Well, I mentioned that the NLRB's complaint was controversial. In fact, they took so much heat that they posted a Fact Check to correct "common misperceptions and errors of fact." Specifically, they have not ordered that Boeing close its South Carolina plant (only that they can't operate the aforementioned second 787 line there), and the NLRB hasn't even heard the case yet, let alone ruled on it yet (in fact, it goes to an administrative law judge first).
Now, Boeing has struck back with its own version of a fact check. In a May 3, 2011 letter, Boeing told the NLRB's acting General Counsel, Lafe Solomon:
A number of these statements [in the complaint], which are crucial to your case against Boeing, fundamentally misquote or mischaracterize statements by Boeing executives and actions taken by the company . . . . [Y]ou have filed a complaint based upon these misstatements that cannot be credibly maintained under law.The letter went on to explain their position and request that the complaint be withdrawn.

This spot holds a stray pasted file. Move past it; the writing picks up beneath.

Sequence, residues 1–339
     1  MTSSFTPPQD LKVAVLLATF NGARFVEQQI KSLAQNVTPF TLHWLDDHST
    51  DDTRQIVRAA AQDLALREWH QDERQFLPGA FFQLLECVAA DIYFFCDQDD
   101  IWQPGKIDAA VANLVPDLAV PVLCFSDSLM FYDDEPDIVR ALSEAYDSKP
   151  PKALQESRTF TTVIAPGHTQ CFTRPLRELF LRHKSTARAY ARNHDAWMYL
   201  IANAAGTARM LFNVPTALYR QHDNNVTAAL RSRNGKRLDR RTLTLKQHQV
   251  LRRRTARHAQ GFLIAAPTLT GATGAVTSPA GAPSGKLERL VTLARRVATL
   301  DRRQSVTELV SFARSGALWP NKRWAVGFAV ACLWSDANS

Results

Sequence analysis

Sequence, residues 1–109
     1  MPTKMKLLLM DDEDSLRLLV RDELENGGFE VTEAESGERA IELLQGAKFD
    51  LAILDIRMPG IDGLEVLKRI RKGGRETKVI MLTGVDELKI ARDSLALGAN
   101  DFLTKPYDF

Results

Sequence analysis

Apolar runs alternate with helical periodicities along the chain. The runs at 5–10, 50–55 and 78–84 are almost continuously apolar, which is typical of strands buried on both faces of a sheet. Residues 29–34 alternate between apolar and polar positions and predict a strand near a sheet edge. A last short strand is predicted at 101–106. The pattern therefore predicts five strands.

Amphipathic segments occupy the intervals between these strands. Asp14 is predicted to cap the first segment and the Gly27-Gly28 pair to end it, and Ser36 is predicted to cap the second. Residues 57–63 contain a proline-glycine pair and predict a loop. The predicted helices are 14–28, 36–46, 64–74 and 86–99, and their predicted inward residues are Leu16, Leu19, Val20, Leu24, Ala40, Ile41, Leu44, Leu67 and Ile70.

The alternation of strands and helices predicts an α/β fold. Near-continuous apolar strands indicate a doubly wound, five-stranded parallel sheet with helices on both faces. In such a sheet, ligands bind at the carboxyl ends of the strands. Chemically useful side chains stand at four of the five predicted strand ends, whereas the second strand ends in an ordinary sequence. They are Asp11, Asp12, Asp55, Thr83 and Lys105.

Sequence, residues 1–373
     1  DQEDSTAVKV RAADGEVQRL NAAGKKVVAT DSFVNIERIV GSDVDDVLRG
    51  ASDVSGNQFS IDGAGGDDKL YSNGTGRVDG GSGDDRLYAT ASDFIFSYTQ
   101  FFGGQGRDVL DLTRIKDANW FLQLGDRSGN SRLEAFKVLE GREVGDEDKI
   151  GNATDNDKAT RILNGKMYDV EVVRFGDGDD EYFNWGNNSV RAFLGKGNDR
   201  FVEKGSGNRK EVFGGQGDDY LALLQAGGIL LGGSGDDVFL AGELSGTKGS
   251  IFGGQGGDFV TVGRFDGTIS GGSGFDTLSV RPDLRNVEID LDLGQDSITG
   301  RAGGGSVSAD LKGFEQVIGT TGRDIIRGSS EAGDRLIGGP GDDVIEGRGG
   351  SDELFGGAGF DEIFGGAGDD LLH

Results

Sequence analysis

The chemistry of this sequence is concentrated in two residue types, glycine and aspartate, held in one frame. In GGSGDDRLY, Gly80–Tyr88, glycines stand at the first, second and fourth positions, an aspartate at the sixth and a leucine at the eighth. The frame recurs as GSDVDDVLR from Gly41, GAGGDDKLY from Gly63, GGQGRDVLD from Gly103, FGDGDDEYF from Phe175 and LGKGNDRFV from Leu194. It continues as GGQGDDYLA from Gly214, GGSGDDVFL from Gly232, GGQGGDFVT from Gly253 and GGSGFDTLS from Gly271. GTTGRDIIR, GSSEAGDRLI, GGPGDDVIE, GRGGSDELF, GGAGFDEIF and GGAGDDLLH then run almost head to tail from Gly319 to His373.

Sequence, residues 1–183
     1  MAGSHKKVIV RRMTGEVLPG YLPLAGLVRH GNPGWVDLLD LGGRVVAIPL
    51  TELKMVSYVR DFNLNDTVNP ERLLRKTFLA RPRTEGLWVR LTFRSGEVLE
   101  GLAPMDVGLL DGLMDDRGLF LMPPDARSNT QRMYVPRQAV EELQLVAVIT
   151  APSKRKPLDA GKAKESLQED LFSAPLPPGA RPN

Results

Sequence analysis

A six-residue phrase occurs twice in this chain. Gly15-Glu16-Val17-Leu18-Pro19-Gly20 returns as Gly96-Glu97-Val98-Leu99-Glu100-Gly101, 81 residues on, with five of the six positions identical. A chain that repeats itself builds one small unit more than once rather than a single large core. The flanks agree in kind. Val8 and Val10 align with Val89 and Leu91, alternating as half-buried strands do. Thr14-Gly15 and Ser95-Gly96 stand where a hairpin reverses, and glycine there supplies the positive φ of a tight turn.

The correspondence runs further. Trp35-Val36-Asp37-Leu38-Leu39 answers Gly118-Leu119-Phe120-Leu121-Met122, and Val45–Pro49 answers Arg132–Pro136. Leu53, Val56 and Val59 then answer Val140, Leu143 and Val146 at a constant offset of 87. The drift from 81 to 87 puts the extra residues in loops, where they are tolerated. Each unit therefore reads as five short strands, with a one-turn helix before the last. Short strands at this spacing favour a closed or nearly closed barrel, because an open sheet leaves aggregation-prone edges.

This isn't the first letter attacking the complaint. Earlier, several state attorneys general likewise blasted the complaint in a letter to Solomon. They claim the "action seriously undermines our citizens’ right to work as well as their ability to compete globally."
This one is already getting a little testy. I'll keep an eye on it...
Posted by Philip Miles, an attorney with McQuaide Blasko in State College, Pennsylvania in the firm's civil litigation and labor and employment law practice groups.